Become a Member

Get access to more than 30 brands, premium video, exclusive content, events, mapping, and more.

Already have an account? Sign In

Become a Member

Get access to more than 30 brands, premium video, exclusive content, events, mapping, and more.

Already have an account? Sign In

Brands

Culture

Trails Offer Temporary Escape from PTSD

Get access to everything we publish when you sign up for Outside+.

One veteran’s account of how trail running helps him cope

alt

The author in Iraq. Courtesy of Joe Miller

Almost every day, I wake up sick and disoriented. It will never be clear to me whether I am sick from the stress of living with post-traumatic stress disorder (PTSD) from my tour in Iraq, or from the legacy of blast concussions. Depression and thoughts of suicide never seem to leave me, no matter how many hours I spend in a therapist’s office or studying war trauma in graduate school. War has made me prematurely old and worn down.

And yet a part of me will always miss it. At war, I knew that the actions of my platoon saved lives, so I stayed on the line without seeking the care I needed. Every time I corrected a major helmet deficiency during parachute inspections in the 82nd Airborne, I was potentially saving the life of a young paratrooper. In fact, every decision I made had the potential to save lives—or result in the death of my soldiers. Back home, it was hard to match the intensity of commanding troops under fire and the extremes of parachute jumps. I missed the way life-or-death situations channeled all my energy into every moment in a way that cleared my mind, a state Kurt Vonnegut called “living in your spinal column.”

For a long time, I wanted to manage my PTSD symptoms away. I focused heavily on my work as an Army ROTC instructor in the hope that, over time, my PTSD would become less acute or go away on its own. I eventually realized that this was impossible.

In the Army, I had grown accustomed to trail running on the dirt vehicle roads around Fort Bragg, North Carolina. When I moved to Maine, in 2008, I continued to run trails, but I had to embrace a much more technical and difficult style of trail running that involved jumping over stumps, rocks, roots and puddles. Even New England rock walks took some adjustment. For months, I would fall flat on my face whenever I let my mind drift. It was frustrating running on the singletrack in Maine—but I came to long deeply for it.

I started to run the same trails obsessively. I started reading the writing of kindred spirits like Anton Krupicka, Kilian Jornet, Tim Olson and Bryon Powell, who all seemed to gain transcendence through days of effort and exploration in the mountains. Jornet continually describes how the mountain makes him “feel small.” Similarly, trail running helped me put my troubles into perspective. I started to memorize every stone, root and stump. I approached the trails at different speeds, in different weather conditions and at different levels of visibility to keep me focused on the moment.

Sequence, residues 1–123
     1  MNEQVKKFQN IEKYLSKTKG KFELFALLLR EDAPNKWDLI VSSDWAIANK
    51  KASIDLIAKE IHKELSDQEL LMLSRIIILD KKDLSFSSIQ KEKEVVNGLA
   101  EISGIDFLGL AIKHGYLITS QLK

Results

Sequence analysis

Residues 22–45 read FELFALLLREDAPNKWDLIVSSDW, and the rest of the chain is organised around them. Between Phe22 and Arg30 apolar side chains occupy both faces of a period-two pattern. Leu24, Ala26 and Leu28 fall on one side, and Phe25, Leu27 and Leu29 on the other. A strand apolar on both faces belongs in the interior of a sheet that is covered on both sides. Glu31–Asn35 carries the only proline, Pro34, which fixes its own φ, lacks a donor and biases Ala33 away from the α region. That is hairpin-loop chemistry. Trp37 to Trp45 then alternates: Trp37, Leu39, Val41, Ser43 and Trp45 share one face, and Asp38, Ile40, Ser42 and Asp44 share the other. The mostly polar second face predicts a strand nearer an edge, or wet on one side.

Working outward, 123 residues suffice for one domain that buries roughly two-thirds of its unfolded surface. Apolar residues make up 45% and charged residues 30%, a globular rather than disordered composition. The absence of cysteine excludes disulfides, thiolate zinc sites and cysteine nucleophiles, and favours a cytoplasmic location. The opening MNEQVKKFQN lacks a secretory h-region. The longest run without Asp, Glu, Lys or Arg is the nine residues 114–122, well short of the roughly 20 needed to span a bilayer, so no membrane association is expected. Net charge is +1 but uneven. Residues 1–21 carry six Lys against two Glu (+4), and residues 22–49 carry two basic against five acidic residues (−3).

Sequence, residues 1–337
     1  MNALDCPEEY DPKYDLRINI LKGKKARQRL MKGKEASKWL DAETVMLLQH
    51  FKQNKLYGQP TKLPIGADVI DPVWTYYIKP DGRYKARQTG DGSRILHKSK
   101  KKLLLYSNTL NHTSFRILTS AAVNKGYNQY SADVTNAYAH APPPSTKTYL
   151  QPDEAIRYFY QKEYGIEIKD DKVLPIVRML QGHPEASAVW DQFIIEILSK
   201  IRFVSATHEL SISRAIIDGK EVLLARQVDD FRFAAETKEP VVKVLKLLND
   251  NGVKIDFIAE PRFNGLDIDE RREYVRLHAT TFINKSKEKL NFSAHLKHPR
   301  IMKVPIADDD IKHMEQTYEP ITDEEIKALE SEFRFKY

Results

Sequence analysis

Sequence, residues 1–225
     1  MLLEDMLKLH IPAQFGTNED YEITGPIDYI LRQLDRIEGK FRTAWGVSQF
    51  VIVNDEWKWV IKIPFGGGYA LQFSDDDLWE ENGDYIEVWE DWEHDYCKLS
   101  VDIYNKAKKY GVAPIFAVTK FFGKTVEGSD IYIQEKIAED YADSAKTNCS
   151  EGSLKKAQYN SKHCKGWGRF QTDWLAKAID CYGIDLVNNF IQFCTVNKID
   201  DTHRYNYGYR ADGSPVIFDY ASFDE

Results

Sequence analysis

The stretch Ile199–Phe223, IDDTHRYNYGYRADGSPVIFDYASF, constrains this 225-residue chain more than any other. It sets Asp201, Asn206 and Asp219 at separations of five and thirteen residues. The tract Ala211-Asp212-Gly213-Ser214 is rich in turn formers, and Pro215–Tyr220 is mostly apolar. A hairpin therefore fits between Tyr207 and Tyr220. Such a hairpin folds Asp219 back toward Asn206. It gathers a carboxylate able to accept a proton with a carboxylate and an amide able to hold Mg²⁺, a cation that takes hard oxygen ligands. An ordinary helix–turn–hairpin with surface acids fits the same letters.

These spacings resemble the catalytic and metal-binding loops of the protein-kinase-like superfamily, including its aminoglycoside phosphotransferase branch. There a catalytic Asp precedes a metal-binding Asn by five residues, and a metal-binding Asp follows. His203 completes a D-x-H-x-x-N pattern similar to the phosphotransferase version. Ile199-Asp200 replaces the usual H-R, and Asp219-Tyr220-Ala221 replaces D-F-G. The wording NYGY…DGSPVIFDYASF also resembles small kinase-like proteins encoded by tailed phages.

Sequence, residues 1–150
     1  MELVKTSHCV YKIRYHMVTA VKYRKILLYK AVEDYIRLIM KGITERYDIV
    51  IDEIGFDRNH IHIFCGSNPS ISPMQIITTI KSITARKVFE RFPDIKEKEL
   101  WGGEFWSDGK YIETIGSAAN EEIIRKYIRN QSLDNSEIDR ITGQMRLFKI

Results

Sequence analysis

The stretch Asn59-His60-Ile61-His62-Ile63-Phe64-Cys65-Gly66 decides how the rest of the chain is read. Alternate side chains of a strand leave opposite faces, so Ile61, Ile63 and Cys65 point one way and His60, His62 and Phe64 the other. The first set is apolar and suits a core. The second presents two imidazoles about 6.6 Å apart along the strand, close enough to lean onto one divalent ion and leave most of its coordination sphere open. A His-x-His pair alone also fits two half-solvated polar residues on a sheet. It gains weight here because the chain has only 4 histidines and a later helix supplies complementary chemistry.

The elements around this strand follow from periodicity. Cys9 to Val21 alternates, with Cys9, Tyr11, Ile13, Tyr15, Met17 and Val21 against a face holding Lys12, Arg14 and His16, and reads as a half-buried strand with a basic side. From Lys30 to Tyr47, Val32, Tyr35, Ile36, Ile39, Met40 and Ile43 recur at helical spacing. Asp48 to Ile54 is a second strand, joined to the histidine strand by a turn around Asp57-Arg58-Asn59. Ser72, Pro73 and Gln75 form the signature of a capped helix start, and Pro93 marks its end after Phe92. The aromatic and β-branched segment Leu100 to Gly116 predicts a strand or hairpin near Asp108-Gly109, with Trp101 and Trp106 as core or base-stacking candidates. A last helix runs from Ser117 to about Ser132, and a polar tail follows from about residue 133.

I began to better understand my longing for the trails during my volunteer work editing post-traumatic growth essays for the Military Experience and the Arts, a non-profit volunteer organization that helps veterans publish their creative work. I worked with Afghanistan veteran Michael Conn’s detailed descriptions of route clearance (RCT) and counter-improvised explosive device missions. We had shared the duty of finding bombs in combat: every day, my platoon had been tasked with clearing our battalion’s roads for safe travel.

In 2005, we did not have sophisticated vehicles; we only had lightly armored vehicles, binoculars and our memory. In order to survive, the soldiers in my platoon and I had to quickly memorize every object along the roads. The process of memorizing every inch of ground in large sections of Mosul and Tal Afar, in northern Iraq, permanently redefined my sense of place. It heightened my senses in the same way that ultra-distance athletes often describe the experience of descending mountains.

Returning to the trails every day replicated a highly learned and behaviorally conditioned desire to understand every inch of my environment. Being so focused on my surroundings, as I had been in RCT, was the only way my mind could relax. Before I took a section of trail in and memorized it, I would have high rates of anxiety and sometimes panic attacks; after I memorized them, I felt a sense of peace, awareness and presence.

I have had to turn the way war has affected me into a healthy activity. Trail running does that for me, because it helps my brain think in the same way that kept me alive in Iraq. Sometimes it is counter-productive to try and fix the way war has “broken” me, rather than simply accepting the fact that trauma will change my life. Embracing that permanent emotional longing to return to RCT and combat has helped me turn this longing into a positive activity. I just need to spend some time in my spinal column, running the trails.